Unless 'somebody else' is "Mr. Robot."
Still, the problems that arise with this method come from the sensor's sensitivity. Also, it is questionable how convenient it is for an average user. The latter depends on its built-in position on the device.
We can find more information about the types of sensors and how they work here.
Furthermore, it is not possible to use them if we are wearing gloves, so if that is the case, we will have to adopt an alternative method to lock the phone.
This function was first adopted and developed on Android devices seven years ago. However, it was not a very popular one because of the low level of security it provided. According to experts, it might soon be a part of our daily routine.
Apple uses its own facial recognition technology with an infrared sensor. They claim that this is 20 times more accurate than the fingerprint that we have just presented.
This function has some problems, though. The very same company suggests that it should not be used by people under 13 years old.
Huawei is a pioneer company in this field because they are the first Android device designers who claim that they use a better technique than that of Apple. However, they have yet to apply it to one of the devices they have released.
Certain devices such as the Samsung Galaxy S9 work in a different way.
More specifically, with the front camera, they take a three-dimensional picture of us. This is a simple and fast procedure; nevertheless, we can easily fool it if we wear glasses or if the lighting is not ideal.
Generally, this method can be used even in payment services if the device designers consider it to be safe. Samsung does not belong in this category.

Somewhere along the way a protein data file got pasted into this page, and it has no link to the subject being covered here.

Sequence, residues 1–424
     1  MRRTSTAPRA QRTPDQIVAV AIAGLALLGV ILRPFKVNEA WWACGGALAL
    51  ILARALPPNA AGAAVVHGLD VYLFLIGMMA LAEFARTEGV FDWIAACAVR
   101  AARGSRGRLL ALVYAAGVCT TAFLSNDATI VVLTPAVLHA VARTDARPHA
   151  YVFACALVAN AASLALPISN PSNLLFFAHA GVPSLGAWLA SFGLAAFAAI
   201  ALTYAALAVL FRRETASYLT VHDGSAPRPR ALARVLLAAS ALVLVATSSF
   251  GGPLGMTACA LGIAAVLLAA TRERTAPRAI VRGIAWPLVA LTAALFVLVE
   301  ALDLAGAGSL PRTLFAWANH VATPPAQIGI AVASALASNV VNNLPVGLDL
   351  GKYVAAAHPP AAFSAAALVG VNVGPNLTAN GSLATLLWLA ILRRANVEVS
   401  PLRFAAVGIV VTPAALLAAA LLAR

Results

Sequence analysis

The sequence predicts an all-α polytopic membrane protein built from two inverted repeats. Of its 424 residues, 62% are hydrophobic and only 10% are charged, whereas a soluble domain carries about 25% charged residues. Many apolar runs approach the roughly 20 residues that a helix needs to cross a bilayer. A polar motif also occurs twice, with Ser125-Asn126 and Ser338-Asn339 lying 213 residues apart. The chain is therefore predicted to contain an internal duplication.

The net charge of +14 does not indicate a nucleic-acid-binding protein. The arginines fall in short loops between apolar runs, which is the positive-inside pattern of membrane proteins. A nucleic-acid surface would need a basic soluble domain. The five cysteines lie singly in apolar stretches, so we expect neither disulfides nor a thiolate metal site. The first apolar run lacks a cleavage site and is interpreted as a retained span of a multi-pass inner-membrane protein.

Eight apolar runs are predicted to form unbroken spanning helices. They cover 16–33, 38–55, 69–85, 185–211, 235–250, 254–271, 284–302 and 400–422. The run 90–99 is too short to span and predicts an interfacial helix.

Recognition through our biometric characteristics constitutes a relatively contemporary security way of unlocking our phone.
The best and most widespread security control in high-security places and spaces such as airports and banks is scanning the iris of the retina.
This function is not yet quite compatible with Android overall. At the moment, it is offered exclusively on Samsung devices such as the Galaxy S9 & Note 8.
Luckily, it is soon expected to be incorporated in Android P, and if this happens, it means that it will be quite popular in the future.
Most of us have walked into a bank where we are required to stand in front of a camera and look at it for a few seconds. During this time, the camera takes a picture or records a short video of us.
Then a program calculates different parameters that "identify" the iris of our eyes. Every eye does not consist of only one pigment, but instead, it has complex patterns that make it unique.
The whole process takes place by sending almost ultraviolet radiation straight into the eye, and then, by analyzing the iris patterns that have formed as a result of the eye reaction to the radiation.
Therefore, the program records this data in order to make it as difficult as possible for someone to "forge" our face. It is not impossible, though.
Among the advantages of this method are the speed and the convenience of its use.
However, it requires to press the activation button on our smartphone first, contrary to the fingerprint. Meanwhile, it takes more "advanced" gestures in order to hold the phone at the right spot to scan our eyes.
We can come across further difficulties if there is a bright light near us, as well as when we wear sunglasses or contact lenses.
More specifically, our device first attempts to recognize our face. If this procedure fails, then it scans our retinas.
In case that this way does not work either, then a mixture of both the aforementioned techniques is used.
The boon is the simultaneous and fast use of multiple alternative recognition techniques.
But, as it was mentioned before, facial recognition is not safe for particularly sensitive cases, such as bank transactions.
The Smart Lock is built-in and comes with Android smartphones. It offers Android shortcuts which concern functions for automatic unlocking of the device when the right conditions are met.
Which method or methods do you use to lock the phone?
How did you find the techniques used to lock the phone that we presented above? Do you prefer a PIN code, a passphrase or is a simple pattern good enough for you?
What is your opinion on facial recognition, and how safe do you consider the biometric techniques to be? You can write to us and let us know in the comments below.